For those of you of the right vintage, you might recognize this headline from the 1983 song of the same name by Dan Seals. It’s one of my favourite cowboy songs of all time.
It came to mind when trying to think what to write for my Christmas message in this issue.
About 25 years ago, a friend once described his faith journey as a paved road with a ditch on each side. For every mile of asphalt, there are two miles of ditch.
When he felt spiritually connected, life was pretty good on that road; not that everything came up roses but life seemed to make sense to him. Invariably though, he would wander off the road and spend time in the ditch.
That metaphor has sure stuck with me. And for those of you that know me well, you know I’ve had my share of “ditch riding.”
Our faith journey seems to have similar traits to working with horses. Invariably we are going to have challenging rides… maybe even get bucked off. But we keep getting up, and keep getting back in the saddle. Why is that?
I think it’s because we are always looking for that good ride, where everything comes together. We’ve experienced it before, and desire to have it again. Maybe you’re a show jumper… or a reiner…or dressage rider. Possibly a mounted shooter… a trainer… a penner… or maybe you just love trail riding. There is something there that keeps drawing us back to the saddle, no matter how good or bad the last ride was.
This can also be said of our faith… there is an inner desire that draws us back to the road, especially during times spent in the ditch. We long for something or someone to help make sense of this world we live in.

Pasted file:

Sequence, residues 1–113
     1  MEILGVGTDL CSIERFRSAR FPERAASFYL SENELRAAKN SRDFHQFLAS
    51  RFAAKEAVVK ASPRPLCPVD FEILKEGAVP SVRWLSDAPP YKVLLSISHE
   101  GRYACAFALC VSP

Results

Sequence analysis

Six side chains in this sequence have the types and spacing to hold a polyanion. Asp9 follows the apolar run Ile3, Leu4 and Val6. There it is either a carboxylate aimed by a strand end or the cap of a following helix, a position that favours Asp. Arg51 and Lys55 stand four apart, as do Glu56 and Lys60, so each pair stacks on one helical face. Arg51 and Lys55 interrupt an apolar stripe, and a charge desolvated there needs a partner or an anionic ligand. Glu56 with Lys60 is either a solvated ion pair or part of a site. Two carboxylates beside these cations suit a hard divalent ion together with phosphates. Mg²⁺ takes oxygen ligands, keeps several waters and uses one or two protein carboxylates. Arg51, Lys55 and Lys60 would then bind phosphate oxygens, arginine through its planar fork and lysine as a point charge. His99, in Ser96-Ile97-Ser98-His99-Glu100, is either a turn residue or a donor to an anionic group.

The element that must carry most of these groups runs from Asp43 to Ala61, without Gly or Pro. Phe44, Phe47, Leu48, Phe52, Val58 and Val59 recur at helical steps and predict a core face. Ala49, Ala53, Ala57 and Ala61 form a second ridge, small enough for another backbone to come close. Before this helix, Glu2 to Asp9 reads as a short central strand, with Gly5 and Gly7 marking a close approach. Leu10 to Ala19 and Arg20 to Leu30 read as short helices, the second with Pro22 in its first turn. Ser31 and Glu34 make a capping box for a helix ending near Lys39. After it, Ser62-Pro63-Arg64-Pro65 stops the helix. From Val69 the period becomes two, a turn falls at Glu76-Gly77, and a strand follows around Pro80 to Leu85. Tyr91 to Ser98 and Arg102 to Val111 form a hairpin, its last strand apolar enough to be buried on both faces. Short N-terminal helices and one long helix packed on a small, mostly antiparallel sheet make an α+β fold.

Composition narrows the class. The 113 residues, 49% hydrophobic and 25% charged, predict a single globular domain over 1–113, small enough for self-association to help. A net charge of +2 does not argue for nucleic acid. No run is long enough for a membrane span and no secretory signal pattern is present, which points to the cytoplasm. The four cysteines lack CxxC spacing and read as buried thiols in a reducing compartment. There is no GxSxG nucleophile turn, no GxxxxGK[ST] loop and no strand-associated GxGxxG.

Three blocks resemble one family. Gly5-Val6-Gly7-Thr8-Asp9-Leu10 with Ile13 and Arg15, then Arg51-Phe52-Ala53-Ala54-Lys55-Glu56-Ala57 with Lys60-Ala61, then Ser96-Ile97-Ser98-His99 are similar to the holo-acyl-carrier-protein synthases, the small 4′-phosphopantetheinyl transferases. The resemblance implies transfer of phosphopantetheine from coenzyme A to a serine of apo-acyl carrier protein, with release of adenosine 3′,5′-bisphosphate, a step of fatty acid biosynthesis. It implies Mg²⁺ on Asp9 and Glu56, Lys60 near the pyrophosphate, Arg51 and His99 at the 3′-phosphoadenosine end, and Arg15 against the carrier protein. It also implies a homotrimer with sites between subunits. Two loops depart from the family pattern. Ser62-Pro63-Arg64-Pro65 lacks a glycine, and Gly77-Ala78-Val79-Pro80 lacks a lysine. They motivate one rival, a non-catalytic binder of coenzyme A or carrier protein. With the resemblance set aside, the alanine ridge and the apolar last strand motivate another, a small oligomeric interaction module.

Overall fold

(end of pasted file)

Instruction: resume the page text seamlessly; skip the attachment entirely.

I’ve met a lot of folks this past year as editor of Horses All magazine. And many of them have an underlying faith foundation.
They don’t come across too churchy. I’ve shared a cold beer with some of them, and I’ve heard the odd cuss word on the trail or in the round pen.
There is this quietness and gentleness about their faith. It wasn’t so much what they said, but how they conducted themselves.
The ones I respect are great with their horses…outstanding actually. It’s through that inner confidence and gentleness that they gain the trust and respect from their horses. Those attributes are recognizable in their human relationships as well.
Many of the people we have profiled in Horses All this past year have a strong faith, and some through extremely challenging times. I’ve been inspired by their stories.
The Good Book talks about faith, hope, and love. Folks in the horse and western lifestyle have great faith in their horses, and the people around them. The risks can be high so faith is a big part of climbing into the saddle.
Not many complainers in our industry… most folks have a sincere hope for better things to come — for themselves, family, and friends. I find the horse industry is generally pretty optimistic (often when they don’t have good reason to be).
And love… well, you can’t read our magazine without seeing how people love their horses… and love others. There is not a month goes by that our industry isn’t trying to raise money for others who have fallen on harder times. Not many are getting rich in this industry but I still find it to be very generous.
So could God have been a cowboy? I’ll let Dan Seals lyrics have the last word:
And I think God must be a cowboy at heart
He made wide-open spaces from the start
He made grass and trees and mountains
and a horse to be a friend
And trails to lead old cowboys home again.